It also mentions The Millenium Villages Project which seems quite interesting, producing local scale sustainable farming in some of the poorest countries.

More Food Politics, Environment

Weltschmerz (Comic)

Get the book or read
the Archives

More Comics

Wednesday, May 10, 2006

Reality Check: War in Iraq

Media Matters has a nice look back at the "media's fawning coverage of Bush's premature declaration of victory in Iraq". Some exceptional quotes from Chris Matthews (May 1, 2003's edition of Hardball):
The President "won the war. He was an effective commander. Everybody recognizes that, I believe, except a few critics." Or try this: "The president there -- look at this guy! We're watching him. He looks like he flew the plane. He only flew it as a passenger, but... he didn't fight in a war, but he looks like he does." and "Women like a guy who's president. Check it out. The women like this war. I think we like having a hero as our president."

Dahr Jamail (May 10, 2006):
As bad as things are in Iraq today, it may come as a surprise to many people in the US, including many who never supported the illegal invasion and occupation to begin with, that Iraq has been a disaster from the first day of the invasion.
At one point during that presentation in Austin, I attempted in vain to describe to the audience what life in Baghdad is like. It was in vain, because how can anyone in the United States begin to imagine what it is like to be invaded, to have our infrastructure shattered, to have occupying soldiers photographing detained Americans in forced humiliating sexual acts and then to have these displayed on television, to have our churches raided and worshippers therein shot and killed by occupation troops?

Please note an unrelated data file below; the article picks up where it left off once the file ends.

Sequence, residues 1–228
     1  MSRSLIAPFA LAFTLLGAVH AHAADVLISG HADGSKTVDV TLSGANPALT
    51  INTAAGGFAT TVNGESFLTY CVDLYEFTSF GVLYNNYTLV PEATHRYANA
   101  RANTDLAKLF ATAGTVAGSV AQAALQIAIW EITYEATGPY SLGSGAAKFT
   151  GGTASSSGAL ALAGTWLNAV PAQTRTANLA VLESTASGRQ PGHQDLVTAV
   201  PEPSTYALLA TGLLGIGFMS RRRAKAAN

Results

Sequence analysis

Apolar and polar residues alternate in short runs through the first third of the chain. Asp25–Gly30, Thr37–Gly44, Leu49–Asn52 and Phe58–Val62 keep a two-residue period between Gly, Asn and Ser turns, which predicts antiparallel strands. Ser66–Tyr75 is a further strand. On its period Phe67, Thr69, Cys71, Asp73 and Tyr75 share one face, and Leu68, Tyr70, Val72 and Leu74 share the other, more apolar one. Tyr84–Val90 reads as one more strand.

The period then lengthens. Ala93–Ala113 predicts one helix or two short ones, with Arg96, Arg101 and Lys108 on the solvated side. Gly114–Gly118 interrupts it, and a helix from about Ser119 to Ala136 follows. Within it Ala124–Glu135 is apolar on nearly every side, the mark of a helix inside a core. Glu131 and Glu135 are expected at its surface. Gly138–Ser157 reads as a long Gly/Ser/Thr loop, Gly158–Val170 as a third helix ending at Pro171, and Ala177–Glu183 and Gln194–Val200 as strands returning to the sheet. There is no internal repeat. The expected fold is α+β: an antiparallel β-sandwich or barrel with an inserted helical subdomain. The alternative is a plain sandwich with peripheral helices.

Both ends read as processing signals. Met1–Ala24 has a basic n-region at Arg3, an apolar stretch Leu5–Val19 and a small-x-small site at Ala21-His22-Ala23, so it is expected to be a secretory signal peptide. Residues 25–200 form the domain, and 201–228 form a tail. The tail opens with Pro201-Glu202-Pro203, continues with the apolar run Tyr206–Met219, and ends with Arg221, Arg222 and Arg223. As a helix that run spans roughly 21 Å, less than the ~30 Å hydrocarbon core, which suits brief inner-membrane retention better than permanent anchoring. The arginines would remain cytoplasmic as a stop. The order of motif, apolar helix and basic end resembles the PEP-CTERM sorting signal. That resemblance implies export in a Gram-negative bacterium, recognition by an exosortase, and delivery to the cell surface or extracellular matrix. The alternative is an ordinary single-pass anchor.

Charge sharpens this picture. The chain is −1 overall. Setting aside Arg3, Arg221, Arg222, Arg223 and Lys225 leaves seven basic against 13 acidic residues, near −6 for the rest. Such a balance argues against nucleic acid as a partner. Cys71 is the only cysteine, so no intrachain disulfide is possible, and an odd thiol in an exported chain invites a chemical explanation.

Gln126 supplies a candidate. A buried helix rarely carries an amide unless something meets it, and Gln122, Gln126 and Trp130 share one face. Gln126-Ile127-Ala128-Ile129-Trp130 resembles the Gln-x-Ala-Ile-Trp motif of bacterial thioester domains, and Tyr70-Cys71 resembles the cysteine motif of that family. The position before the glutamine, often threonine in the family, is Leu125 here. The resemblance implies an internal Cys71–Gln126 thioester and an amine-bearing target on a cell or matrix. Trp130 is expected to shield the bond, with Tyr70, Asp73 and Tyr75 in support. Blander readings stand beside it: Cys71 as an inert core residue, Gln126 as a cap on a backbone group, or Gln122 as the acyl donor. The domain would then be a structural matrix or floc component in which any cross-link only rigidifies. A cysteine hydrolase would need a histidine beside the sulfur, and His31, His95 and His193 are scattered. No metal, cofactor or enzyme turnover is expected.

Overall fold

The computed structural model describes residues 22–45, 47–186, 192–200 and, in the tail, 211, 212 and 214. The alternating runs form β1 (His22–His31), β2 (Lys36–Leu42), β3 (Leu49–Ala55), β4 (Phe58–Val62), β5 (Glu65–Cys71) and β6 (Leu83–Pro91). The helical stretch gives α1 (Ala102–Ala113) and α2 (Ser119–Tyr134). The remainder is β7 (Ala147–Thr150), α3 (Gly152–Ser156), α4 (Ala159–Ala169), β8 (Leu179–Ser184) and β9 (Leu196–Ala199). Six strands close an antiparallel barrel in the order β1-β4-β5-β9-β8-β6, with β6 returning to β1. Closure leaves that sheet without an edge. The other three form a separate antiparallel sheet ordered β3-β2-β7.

It is only when more people in the US begin to fathom the totality of the destruction in Iraq that one may expect to hear the public outcry and uprising necessary to end the occupation and bring to justice the war criminals responsible for these conditions. Until that happens, make no mistake: all of us participate in a new Iraq, our hands dyed in the blood of innocents.

Faux News (April 30, 2006) says all's well in Iraq except the oil.
Dozens of firehouses and hundreds of police stations have been rebuilt in Iraq. Thousands of schools are fixed. Millions more Iraqis have access to cellular telephones.

But oil and gas production, which fuels Iraq's fragile economy, has yet to return to levels before the U.S.-led invasion in March 2003 despite slight improvements in recent months.

The main reason: insurgent attacks on facilities.

Democracy Now (April 25th, 2006):
Currently, 150 U.S. corporations have received $50 billion worth of contracts, as you said in the introduction, to utterly fail in reconstruction in Iraq, but the money has still been granted.

More on the War in Iraq, Media Issues

Friday, May 05, 2006